By its very nature, Assassinís Creed is the kind of game where itís more fun to do nothing than to stick with the story structure. The adventure is essentially the same thing over and over again, and it becomes stale and predictable before long. On the other hand, using your superhuman aerobic powers to explore every end of each city like itís your own personal medieval jungle gymÖ Well, it never gets old. Just make sure such sinful activity doesnít attract the guards, because then your super-sized playground adventure will become shrouded in a thick cloud of blood-gas.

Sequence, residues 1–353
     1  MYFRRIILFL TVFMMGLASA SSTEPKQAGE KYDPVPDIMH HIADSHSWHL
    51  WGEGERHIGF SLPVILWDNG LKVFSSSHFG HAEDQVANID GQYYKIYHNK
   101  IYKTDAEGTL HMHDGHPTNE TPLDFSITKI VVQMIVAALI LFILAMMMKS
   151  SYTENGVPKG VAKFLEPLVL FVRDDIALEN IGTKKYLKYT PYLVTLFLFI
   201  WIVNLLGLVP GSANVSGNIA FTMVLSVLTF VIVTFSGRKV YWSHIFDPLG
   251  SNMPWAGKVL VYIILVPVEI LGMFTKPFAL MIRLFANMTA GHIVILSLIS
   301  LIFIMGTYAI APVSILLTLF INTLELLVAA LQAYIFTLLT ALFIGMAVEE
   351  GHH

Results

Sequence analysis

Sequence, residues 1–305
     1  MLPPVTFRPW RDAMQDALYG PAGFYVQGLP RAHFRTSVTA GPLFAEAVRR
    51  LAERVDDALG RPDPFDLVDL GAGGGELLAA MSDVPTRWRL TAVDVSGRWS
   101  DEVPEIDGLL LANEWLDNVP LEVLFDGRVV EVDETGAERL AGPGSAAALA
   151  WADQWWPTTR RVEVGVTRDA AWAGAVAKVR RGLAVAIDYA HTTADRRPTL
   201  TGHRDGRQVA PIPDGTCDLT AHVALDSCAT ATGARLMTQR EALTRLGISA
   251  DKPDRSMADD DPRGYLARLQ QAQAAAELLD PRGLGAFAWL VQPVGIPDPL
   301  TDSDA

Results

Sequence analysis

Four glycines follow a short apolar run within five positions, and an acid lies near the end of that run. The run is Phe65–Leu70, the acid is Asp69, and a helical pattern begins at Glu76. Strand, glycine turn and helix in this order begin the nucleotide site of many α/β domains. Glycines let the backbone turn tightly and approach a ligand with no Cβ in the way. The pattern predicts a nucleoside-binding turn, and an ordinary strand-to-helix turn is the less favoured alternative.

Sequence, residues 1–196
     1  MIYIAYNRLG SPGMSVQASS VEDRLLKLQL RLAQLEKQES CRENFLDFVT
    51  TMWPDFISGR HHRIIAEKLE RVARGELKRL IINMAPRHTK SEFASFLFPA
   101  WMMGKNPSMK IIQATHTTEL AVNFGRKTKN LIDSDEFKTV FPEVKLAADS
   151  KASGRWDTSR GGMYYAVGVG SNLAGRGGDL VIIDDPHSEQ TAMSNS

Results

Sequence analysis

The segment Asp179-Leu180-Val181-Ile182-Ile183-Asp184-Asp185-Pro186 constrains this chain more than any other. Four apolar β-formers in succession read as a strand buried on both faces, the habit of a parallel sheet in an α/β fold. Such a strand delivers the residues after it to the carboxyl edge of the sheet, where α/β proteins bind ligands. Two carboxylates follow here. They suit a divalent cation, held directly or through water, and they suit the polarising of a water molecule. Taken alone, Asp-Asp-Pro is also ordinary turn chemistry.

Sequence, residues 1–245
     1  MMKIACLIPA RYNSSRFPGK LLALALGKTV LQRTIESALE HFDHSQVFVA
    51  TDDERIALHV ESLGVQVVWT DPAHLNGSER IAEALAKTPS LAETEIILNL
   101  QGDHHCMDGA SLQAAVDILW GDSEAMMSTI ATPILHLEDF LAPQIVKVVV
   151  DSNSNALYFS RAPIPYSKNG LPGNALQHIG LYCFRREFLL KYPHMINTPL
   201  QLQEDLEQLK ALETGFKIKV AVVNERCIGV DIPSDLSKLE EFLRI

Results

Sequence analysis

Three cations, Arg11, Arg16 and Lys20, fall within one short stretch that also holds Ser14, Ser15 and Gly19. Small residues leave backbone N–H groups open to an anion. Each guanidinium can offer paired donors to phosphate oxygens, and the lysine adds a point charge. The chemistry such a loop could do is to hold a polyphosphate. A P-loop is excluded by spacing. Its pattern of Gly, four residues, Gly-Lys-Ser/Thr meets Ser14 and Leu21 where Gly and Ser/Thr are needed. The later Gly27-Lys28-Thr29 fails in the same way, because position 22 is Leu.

Rating: 6/10

Suskie's avatar
Staff review by Mike Suskie (April 23, 2008)

Mike Suskie is a freelance writer who has contributed to GamesRadar and has a blog. He can usually be found on Twitter at @MikeSuskie.